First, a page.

In the wake of increasing sexual violence against women in India, a group of engineering students has developed 'anti-rape' underwear.
The garment sends an electric shock to the attacker, as well as alerts police of an attack via text message with the wearer’s GPS location.
Dubbed SHE, for Society Harnessing Equipment, the 'anti-rape' undergarments were created by Manisha Mohan, Rimpi Tripathi and Neeladri Basu Pal, three engineering students from Sri Ramaswamy Memorial University in Chennai, India.
"The lingerie, laced with modules of global positioning system (GPS), global system for mobile communications (GSM) and also pressure sensors, is capable of sending shock waves of 3,800 kV as well as alerts to the girl's parents and police," Mohan told The Indian Express.
"A person trying to molest a girl will get the shock of his life the moment pressure sensors get activated, and the GPS and GSM modules would send a SMS on emergency number 100, as well as to parents of the girl."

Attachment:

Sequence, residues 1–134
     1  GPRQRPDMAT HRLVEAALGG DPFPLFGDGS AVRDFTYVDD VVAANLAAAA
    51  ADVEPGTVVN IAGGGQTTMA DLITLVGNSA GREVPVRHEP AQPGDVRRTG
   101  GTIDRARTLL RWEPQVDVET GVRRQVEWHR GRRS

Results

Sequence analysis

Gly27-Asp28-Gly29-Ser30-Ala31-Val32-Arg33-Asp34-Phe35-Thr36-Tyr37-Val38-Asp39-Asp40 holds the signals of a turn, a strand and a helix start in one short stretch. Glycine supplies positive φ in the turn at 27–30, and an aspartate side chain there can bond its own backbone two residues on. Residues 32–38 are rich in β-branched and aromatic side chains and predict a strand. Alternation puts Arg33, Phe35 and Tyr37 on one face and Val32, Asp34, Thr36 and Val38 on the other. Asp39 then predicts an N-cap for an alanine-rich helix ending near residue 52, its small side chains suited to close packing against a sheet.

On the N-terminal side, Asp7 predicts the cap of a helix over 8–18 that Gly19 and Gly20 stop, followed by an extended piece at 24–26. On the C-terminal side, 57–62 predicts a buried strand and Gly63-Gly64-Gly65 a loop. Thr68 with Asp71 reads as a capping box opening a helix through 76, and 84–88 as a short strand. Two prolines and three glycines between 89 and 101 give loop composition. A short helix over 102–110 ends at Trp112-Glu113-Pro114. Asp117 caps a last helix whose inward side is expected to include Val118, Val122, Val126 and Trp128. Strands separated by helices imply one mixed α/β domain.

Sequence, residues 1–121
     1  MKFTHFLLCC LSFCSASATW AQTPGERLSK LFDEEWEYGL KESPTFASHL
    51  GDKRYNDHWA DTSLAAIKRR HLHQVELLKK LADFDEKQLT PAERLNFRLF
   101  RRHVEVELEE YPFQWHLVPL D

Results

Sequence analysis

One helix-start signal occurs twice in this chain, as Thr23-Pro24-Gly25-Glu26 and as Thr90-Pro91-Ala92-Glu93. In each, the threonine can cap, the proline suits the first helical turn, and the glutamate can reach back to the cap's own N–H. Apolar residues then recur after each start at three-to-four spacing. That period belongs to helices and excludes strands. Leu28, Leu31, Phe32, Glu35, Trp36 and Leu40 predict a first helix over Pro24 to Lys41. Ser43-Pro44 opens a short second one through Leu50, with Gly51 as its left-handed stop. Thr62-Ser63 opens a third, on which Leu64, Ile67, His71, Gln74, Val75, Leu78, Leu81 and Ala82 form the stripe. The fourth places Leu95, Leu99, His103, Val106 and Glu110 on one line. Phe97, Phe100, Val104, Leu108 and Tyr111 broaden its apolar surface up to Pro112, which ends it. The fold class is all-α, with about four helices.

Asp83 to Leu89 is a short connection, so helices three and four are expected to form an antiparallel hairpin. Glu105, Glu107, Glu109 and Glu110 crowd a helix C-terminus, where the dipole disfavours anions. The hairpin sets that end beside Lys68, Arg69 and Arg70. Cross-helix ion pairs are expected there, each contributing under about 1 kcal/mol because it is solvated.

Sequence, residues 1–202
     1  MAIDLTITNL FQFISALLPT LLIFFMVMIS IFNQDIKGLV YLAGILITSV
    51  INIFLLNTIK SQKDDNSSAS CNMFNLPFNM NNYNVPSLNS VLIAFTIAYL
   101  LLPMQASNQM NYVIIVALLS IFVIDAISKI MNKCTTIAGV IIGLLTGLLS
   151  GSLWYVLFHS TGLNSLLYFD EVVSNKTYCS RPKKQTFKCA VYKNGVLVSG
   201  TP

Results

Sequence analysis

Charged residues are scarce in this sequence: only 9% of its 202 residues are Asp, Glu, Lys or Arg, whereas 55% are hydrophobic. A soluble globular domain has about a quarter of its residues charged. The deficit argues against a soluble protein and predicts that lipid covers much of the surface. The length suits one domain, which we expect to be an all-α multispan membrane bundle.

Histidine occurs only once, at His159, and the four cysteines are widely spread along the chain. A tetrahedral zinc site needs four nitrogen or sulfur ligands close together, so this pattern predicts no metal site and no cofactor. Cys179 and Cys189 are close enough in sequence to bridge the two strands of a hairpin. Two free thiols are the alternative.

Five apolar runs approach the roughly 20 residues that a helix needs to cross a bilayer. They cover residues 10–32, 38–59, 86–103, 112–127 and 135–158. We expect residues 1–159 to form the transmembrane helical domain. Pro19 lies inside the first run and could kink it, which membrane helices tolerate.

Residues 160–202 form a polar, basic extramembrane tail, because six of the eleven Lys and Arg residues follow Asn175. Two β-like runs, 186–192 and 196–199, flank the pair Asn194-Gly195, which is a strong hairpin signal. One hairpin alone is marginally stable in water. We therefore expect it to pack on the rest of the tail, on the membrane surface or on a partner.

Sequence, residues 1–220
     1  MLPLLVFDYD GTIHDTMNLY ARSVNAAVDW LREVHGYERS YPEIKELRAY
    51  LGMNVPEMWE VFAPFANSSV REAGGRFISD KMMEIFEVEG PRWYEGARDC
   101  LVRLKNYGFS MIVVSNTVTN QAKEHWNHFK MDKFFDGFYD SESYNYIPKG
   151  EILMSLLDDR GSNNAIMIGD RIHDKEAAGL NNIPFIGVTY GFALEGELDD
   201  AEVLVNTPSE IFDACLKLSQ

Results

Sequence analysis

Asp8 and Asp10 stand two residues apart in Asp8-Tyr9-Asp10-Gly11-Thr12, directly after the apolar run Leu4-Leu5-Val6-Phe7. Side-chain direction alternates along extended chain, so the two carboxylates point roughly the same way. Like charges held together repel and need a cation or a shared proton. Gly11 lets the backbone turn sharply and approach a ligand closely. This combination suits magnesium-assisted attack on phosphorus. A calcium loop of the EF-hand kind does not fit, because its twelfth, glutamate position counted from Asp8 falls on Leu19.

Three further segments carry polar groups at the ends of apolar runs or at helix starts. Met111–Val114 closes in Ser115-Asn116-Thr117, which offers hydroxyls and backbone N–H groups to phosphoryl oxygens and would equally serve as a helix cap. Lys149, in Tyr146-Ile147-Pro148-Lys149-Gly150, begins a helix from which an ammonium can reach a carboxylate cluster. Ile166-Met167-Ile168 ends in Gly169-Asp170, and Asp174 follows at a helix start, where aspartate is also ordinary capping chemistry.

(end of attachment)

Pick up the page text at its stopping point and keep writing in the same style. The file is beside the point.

The students' research found that women are often first attacked in the breast area, which is where the electric shock circuit board for the device is placed. The underwear can send as many as 82 shock waves to a would-be rapist.
Reaction on social media was mixed, and while many praised the device's goal, others pointed out there are other ways to prevent sexual violence against women.
— Randall (@andall_ray) April 3, 2013
— Tamra M Burgess (@ilovemytroops) April 3, 2013
— Dhara Ganusinghani (@dhara_tweets) April 2, 2013
The garment is nominated for the Gandhian Young Technological Innovation Award 2013, and is reportedly set to begin selling later in April.